WILSON FELLOW EXPLORES HISTORY OF POLITICAL ECONOMY, FAIRNESS IN AMERICA

Scholar Spotlight on Wilson Center Fellow and Associate Professor of History David Freund in Centerpoint .

Centerpoint
December 1, 2010

Many Americans reminisce about the 1950s and 1960s as a kinder, simpler time but this supposedly golden era was not always kinder or fair to all. While a growing infusion of federal resources and regulations was aimed at stabilizing and reviving the U.S. economy since the 1930s, many of the opportunities created by public initiatives were not extended to minorities and women.

Wilson Center Fellow David Freund is working on a new book that examines the role federal policy played in shaping the economy from the 1930s – 1970s. To be titled, Market Mythologies: Policy, Growth, and Inequality in Modern America, the book will delve into mythical narratives about wealth and inequality. At its core, he said, is the myth that “unimpeded markets, free from government intervention, determined winners and losers in post-World War II America.”

In fact, scholars have shown that the federal government has been heavily involved in the economy since the 1930s regardless of which party was in office, said Freund. History points to numerous instances of direct and indirect government involvement that fostered growth, he said. Meanwhile the many federal regulatory and spending initiatives—in areas including housing, education, agriculture, the military, and business-creation—that drove post-war growth also condoned, and often endorsed, discrimination against select populations.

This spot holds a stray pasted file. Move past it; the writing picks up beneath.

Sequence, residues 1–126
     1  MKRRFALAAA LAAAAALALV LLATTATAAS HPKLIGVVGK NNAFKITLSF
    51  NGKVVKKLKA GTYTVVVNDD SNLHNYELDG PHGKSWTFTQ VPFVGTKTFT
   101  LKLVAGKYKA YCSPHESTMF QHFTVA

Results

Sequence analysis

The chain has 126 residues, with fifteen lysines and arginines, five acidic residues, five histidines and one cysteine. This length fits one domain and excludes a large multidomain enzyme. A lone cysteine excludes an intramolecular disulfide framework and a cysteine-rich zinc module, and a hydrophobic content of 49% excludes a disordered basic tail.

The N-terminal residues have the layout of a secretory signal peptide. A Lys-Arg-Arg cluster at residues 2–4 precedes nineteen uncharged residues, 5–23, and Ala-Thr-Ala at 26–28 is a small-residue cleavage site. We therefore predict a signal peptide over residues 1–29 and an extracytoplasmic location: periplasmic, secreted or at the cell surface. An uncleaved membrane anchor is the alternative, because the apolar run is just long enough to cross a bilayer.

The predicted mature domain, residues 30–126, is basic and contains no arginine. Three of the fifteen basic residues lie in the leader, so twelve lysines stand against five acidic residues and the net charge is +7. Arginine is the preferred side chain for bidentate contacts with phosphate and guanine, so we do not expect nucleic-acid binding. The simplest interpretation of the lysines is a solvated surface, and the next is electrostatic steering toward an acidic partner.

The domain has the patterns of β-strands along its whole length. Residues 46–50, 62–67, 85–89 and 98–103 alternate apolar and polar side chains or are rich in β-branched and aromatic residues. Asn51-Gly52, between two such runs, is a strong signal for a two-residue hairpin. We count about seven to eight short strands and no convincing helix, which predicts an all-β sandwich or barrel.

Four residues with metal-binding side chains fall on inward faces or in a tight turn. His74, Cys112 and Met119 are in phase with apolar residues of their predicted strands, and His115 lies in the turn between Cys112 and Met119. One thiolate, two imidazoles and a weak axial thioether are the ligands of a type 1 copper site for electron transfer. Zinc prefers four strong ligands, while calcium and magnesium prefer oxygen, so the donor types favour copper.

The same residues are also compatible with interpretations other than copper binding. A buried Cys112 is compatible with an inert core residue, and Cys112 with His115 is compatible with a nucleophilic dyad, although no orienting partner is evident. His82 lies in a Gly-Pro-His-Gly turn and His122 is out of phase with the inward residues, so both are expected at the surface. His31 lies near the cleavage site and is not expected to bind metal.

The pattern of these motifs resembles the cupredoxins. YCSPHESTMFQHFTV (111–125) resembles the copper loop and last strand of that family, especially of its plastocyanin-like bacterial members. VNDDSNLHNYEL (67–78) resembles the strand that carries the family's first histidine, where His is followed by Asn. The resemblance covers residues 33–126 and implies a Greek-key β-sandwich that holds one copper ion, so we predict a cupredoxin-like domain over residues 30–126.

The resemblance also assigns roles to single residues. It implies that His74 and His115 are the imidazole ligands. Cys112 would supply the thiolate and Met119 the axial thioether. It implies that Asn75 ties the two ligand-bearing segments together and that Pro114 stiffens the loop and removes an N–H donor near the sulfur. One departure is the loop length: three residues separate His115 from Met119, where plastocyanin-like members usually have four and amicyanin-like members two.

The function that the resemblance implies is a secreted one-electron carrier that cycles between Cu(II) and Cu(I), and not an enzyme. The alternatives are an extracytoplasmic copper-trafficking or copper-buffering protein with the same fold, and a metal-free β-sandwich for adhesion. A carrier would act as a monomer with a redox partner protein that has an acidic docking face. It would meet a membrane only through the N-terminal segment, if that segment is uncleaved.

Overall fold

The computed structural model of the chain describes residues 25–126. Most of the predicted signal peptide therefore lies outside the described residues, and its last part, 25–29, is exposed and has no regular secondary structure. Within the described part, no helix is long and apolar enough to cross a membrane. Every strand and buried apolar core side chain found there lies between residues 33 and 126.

His earlier book, Colored Property: State Policy and White Racial Politics in Suburban America, described how the Cold War-era white middle class flourished and invested heavily in the idea of the free-market while overlooking the government’s role both in creating affluence and in segregating housing, educational, and employment opportunities.

Read More...